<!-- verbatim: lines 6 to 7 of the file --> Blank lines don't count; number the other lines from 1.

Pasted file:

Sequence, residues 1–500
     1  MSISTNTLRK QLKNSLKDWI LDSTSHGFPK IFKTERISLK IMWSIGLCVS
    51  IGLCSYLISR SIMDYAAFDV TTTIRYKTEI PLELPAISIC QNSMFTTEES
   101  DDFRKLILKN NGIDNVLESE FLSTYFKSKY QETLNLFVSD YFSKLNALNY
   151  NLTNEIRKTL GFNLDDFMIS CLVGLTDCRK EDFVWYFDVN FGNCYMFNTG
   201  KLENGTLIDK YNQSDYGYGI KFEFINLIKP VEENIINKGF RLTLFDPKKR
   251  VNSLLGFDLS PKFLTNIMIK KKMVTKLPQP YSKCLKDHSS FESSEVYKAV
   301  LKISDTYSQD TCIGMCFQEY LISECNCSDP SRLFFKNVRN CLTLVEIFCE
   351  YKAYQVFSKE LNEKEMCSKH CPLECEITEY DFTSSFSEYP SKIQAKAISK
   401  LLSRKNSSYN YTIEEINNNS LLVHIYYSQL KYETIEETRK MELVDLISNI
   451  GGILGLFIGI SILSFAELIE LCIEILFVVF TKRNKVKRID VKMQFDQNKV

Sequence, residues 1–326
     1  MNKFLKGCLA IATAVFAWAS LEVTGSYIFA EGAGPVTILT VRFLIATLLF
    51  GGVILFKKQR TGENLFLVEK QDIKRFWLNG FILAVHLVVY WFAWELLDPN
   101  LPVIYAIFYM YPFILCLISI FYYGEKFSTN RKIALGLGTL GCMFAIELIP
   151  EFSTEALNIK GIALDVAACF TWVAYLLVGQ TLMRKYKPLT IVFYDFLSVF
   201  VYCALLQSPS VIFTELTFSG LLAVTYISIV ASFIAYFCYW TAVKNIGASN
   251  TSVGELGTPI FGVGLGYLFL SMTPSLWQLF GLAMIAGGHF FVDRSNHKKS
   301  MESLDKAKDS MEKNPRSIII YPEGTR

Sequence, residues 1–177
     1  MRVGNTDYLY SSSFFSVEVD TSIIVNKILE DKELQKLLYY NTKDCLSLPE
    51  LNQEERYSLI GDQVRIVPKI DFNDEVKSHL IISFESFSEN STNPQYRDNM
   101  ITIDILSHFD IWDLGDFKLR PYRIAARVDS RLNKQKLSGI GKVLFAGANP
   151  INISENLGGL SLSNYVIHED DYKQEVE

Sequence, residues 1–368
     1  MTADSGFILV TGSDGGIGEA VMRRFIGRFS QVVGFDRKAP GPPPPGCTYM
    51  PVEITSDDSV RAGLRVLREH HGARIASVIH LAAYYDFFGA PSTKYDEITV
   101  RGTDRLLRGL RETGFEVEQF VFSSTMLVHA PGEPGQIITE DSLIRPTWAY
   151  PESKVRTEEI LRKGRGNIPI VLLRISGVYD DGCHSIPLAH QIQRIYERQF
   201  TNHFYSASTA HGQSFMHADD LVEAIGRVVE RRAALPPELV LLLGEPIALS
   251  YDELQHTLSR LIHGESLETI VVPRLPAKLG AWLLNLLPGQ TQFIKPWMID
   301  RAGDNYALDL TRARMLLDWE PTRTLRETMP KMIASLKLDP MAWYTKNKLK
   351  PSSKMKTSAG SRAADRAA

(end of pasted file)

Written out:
   201  KLENGTLIDK YNQSDYGYGI KFEFINLIKP VEENIINKGF RLTLFDPKKR
   251  VNSLLGFDLS PKFLTNIMIK KKMVTKLPQP YSKCLKDHSS FESSEVYKAV